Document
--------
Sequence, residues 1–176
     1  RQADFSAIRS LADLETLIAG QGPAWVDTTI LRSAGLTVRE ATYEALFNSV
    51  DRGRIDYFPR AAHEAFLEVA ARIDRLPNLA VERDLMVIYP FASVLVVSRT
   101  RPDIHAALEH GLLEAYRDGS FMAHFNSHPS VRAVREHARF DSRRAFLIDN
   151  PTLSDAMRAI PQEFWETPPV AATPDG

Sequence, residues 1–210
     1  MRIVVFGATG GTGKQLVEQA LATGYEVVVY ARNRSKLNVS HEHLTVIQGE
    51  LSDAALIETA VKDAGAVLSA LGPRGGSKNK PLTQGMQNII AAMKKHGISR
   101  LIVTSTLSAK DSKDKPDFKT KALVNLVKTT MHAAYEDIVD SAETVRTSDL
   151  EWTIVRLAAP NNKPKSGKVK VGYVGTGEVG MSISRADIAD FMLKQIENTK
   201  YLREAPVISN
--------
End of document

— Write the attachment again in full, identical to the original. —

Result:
Sequence, residues 1–176
     1  RQADFSAIRS LADLETLIAG QGPAWVDTTI LRSAGLTVRE ATYEALFNSV
    51  DRGRIDYFPR AAHEAFLEVA ARIDRLPNLA VERDLMVIYP FASVLVVSRT
   101  RPDIHAALEH GLLEAYRDGS FMAHFNSHPS VRAVREHARF DSRRAFLIDN
   151  PTLSDAMRAI PQEFWETPPV AATPDG

Sequence, residues 1–210
     1  MRIVVFGATG GTGKQLVEQA LATGYEVVVY ARNRSKLNVS HEHLTVIQGE
    51  LSDAALIETA VKDAGAVLSA LGPRGGSKNK PLTQGMQNII AAMKKHGISR
   101  LIVTSTLSAK DSKDKPDFKT KALVNLVKTT MHAAYEDIVD SAETVRTSDL
   151  EWTIVRLAAP NNKPKSGKVK VGYVGTGEVG MSISRADIAD FMLKQIENTK
   201  YLREAPVISN